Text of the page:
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article imageHeadlines of the World Reflect Universal Economic Disaster

By Carol Forsloff     Dec 22, 2008 in Business
Anyone who doubts that virtually every country in the world has the same issues need only examine the newspapers to learn that it’s a small world after all.
Indeed that small world is reporting that we’re in big trouble everywhere. We might want to duck, run for cover, leave town, not think about it; but the fact remains it appears from the news of the world, we are truly in this together.
Check out China’s Daily News from BizChina, and it looks like the front pages of a newspaper in a major American City. The headline of December 22, 2008 screams “Details of real-estate stimulus package unveiled.” Sound familiar,, California, New York, Illinois?
Take a gander at the French. They are putting together a second stimulus package. Guess why? They are having economic problems, like everywhere else, it appears. Here’s a headline from December 19: “French Plan second stimulus package” from FT.com, an online French journal in English.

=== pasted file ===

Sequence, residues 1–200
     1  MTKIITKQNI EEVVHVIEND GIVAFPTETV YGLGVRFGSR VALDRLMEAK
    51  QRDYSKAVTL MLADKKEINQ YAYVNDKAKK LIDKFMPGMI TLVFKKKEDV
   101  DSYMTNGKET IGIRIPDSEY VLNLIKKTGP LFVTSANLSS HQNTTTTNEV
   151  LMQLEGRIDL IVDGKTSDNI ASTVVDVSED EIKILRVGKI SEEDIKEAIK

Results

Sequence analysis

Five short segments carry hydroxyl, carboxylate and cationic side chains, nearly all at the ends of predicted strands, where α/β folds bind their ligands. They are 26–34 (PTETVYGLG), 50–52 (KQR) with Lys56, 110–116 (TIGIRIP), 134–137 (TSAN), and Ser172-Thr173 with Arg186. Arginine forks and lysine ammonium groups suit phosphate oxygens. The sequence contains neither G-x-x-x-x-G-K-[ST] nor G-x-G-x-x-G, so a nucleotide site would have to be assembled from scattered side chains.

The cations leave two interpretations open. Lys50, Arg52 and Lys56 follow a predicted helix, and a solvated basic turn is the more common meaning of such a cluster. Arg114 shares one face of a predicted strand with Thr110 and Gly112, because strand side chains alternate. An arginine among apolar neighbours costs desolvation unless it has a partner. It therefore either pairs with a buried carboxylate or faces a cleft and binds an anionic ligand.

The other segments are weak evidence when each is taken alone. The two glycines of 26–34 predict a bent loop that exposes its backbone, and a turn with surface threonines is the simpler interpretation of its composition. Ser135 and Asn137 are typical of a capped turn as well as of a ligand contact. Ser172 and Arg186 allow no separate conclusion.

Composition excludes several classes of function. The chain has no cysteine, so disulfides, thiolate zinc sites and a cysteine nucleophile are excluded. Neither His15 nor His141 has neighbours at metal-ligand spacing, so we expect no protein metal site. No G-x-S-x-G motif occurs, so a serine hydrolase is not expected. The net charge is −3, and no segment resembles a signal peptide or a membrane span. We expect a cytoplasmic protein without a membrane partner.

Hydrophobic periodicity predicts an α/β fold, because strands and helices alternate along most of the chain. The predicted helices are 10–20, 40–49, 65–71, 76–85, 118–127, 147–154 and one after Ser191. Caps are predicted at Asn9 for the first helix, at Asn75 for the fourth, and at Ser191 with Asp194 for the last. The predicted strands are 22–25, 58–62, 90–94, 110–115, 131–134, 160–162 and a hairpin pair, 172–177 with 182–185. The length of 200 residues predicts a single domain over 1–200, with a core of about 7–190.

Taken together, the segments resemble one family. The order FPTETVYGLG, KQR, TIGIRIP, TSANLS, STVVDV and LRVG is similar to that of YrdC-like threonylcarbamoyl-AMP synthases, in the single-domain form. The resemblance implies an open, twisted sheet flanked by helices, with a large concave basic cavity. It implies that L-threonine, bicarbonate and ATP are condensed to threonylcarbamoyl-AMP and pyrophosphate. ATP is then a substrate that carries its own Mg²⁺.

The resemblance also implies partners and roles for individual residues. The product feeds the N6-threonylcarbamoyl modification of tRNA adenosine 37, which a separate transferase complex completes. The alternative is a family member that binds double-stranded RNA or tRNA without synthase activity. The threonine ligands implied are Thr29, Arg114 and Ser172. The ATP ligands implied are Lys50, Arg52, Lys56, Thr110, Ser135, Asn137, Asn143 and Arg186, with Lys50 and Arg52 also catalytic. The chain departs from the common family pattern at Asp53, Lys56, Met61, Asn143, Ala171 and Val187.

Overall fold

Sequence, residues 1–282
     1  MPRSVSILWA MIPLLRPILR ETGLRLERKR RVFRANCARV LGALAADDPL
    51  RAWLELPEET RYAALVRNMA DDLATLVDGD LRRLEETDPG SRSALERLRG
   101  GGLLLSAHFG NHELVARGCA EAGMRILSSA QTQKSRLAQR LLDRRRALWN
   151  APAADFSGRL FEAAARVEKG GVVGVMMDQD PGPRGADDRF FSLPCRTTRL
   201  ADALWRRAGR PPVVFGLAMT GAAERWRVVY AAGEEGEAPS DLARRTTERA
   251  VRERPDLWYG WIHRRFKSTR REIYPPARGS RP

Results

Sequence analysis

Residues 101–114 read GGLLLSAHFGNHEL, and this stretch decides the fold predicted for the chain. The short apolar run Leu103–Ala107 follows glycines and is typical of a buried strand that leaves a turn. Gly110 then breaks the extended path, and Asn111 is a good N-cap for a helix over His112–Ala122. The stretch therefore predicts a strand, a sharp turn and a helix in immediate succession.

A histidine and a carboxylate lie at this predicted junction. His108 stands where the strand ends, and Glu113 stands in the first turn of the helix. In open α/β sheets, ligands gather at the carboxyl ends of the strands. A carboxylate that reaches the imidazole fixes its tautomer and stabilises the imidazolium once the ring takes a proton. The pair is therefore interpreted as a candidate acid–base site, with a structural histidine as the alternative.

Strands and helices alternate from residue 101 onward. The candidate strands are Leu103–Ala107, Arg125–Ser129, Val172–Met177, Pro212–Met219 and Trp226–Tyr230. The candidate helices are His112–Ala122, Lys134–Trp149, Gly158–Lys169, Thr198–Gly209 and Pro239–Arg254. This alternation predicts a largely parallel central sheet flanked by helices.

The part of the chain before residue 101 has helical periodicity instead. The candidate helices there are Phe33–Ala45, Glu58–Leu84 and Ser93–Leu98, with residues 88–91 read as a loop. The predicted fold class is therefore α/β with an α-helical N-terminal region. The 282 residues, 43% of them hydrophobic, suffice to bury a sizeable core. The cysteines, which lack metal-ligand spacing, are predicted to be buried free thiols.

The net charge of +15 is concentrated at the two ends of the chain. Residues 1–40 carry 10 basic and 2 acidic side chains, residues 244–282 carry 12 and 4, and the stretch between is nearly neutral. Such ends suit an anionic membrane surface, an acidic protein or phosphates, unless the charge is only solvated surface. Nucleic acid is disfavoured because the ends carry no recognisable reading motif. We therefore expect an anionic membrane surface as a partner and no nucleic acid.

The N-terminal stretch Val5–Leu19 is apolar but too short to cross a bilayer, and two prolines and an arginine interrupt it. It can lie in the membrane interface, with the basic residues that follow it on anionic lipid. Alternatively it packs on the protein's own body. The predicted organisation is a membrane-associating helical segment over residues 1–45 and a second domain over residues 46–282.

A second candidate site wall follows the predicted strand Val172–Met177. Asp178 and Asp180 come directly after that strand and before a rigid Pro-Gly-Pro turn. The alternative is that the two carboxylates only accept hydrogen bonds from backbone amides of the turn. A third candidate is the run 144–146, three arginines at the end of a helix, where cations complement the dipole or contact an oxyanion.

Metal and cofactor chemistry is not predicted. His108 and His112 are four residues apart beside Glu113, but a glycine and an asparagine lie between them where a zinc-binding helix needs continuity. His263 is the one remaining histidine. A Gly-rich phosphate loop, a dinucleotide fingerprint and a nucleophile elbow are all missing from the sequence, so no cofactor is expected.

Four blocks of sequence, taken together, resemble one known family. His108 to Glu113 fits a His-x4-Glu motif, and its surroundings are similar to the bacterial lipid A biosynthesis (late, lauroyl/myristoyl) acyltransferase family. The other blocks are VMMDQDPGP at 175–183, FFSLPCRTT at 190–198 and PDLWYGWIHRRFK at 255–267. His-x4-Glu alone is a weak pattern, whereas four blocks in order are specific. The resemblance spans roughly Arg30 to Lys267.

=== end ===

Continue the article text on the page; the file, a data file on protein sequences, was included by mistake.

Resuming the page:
Meander now to Norway that proclaims its own grief. Read this headline in Aftenbladt.No.
“The krone receives a record beating.” Currency problems of Norway are discussed along with grim economic news.
The Independent.ie of Ireland likely has good news, you think? But have a look at this: "'€7.5bn bank gamble. " The paper goes on to discuss the nationalization of the Anglo Irish bank and its scandals. Smacks of Wall Street, perhaps? Looks like the Americans aren’t the only ones with financial titans who took over.
Now we ought not forget a paradise like Pago Pago. Its status is reported in the Sunday December 21 edition of the Honolulu Advertiser. Their status is explained like this: “American Samoa seeks help for economy.” Turns out paradise needs a bailout too.
We ought not to forget Africa, an area news sometimes neglects, unless its to talk about starving children. But starving it is, but spelled out in the same way as in United States newspapers. It’s talk of bucking up the economy of Senegal with a headline in GMRI Africalink that tells us: “IMF Approves $76 Million Aid for Senegal to Combat High Prices.” Here’s an international bailout with a much lower price tag than the one recommended for the auto industry in the United States. But it’s Africa, after all.
Gee, folks. This is world news. Most newspapers don’t put it together, but here’s what I did for you. Now read it again and weep. I did.
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